What remains of Nicaragua’s revolution?
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In 1979, Daniel Ortega was a revolutionary commander who overthrew Nicaragua's pro-American dictatorship and took power. Today, after a long period in the wilderness, he is running the country again. Since his election in 2006, the country has seen stable economic growth, less poverty and less violence. But Nicaragua remains the second-poorest country in Latin America after Haiti. Our reporters returned to the capital Managua to see what remains of the revolution.
He is the man, they are the couple, and their family are the rulers. Critics say the Ortega dynasty dominates Nicaragua. Likened to a real-life “House of Cards”, Daniel Ortega and the Sandinista National Liberation Front have control over the country's congress, its military, its police and its courts. Ortega has won landslide victories, the last in 2016, in elections dubbed by opponents as rigged.
Sitting alongside Ortega is his wife, Rosario Murillo, whom some call the power behind the throne. He first came to power in 1979 as his left-wing Sandinista revolution ended with the ouster of US-backed Somoza dynasty.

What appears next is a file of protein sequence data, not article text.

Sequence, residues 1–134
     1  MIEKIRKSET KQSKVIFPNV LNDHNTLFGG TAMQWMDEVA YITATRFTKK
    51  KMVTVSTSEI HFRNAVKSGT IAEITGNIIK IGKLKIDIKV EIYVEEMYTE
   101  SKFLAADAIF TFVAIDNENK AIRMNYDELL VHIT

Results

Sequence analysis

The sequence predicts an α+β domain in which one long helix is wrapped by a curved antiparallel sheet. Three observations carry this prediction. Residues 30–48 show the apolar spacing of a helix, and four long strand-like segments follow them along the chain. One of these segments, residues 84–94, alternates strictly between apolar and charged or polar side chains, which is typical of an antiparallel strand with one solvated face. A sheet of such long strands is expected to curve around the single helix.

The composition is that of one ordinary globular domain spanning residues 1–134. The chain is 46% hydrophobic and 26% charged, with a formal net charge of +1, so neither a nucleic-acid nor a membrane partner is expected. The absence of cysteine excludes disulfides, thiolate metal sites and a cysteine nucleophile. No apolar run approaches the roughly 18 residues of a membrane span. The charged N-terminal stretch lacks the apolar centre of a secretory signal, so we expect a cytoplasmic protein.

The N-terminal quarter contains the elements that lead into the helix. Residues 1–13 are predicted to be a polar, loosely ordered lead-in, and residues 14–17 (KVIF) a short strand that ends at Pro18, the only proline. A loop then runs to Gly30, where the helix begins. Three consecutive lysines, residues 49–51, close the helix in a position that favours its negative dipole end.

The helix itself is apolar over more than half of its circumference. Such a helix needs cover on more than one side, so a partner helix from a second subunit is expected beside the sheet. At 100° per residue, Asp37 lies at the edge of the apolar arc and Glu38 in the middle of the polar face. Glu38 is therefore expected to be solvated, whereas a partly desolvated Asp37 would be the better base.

Ortega set about reforming the country, with the poor benefiting from redistributed property, better health care and education. Against him, the rebel Contras formed, backed by the US under Ronald Reagan. The resulting civil war saw thousands of people killed.
In 1990 Ortega was voted out by an anti-Sandinista coalition, but in 2006 he was voted back in. Critics say his renewed grip on the country has crushed any opposition.
The president retains strong support among the poor, but he also courts the business elite, and the country has seen stable economic growth, less poverty and less violence. But Nicaragua remains the second-poorest country in Latin America. Many ask what has become of the socialist revolution Ortega was once at the centre of.
Our reporters Laurence Cuvillier and Matthieu Comin returned to the capital.
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